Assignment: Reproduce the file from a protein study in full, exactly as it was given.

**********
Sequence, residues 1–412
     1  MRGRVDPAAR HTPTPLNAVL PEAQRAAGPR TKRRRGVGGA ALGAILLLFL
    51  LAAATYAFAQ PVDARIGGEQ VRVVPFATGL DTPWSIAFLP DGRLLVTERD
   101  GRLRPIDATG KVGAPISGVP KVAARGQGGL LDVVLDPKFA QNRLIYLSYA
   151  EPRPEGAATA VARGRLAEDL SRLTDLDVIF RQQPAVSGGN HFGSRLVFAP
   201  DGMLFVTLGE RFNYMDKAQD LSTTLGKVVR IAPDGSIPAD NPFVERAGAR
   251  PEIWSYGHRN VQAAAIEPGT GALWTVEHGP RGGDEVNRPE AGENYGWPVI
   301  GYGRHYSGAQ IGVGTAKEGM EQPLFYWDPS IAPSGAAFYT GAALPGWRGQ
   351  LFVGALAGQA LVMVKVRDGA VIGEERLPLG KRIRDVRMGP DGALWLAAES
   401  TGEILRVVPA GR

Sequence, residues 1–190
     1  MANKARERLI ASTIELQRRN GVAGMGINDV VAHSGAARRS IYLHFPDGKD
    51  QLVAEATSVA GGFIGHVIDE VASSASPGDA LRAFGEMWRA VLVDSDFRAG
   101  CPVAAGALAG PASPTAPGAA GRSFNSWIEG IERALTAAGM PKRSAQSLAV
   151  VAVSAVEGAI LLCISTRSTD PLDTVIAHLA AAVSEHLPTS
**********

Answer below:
Sequence, residues 1–412
     1  MRGRVDPAAR HTPTPLNAVL PEAQRAAGPR TKRRRGVGGA ALGAILLLFL
    51  LAAATYAFAQ PVDARIGGEQ VRVVPFATGL DTPWSIAFLP DGRLLVTERD
   101  GRLRPIDATG KVGAPISGVP KVAARGQGGL LDVVLDPKFA QNRLIYLSYA
   151  EPRPEGAATA VARGRLAEDL SRLTDLDVIF RQQPAVSGGN HFGSRLVFAP
   201  DGMLFVTLGE RFNYMDKAQD LSTTLGKVVR IAPDGSIPAD NPFVERAGAR
   251  PEIWSYGHRN VQAAAIEPGT GALWTVEHGP RGGDEVNRPE AGENYGWPVI
   301  GYGRHYSGAQ IGVGTAKEGM EQPLFYWDPS IAPSGAAFYT GAALPGWRGQ
   351  LFVGALAGQA LVMVKVRDGA VIGEERLPLG KRIRDVRMGP DGALWLAAES
   401  TGEILRVVPA GR

Sequence, residues 1–190
     1  MANKARERLI ASTIELQRRN GVAGMGINDV VAHSGAARRS IYLHFPDGKD
    51  QLVAEATSVA GGFIGHVIDE VASSASPGDA LRAFGEMWRA VLVDSDFRAG
   101  CPVAAGALAG PASPTAPGAA GRSFNSWIEG IERALTAAGM PKRSAQSLAV
   151  VAVSAVEGAI LLCISTRSTD PLDTVIAHLA AAVSEHLPTS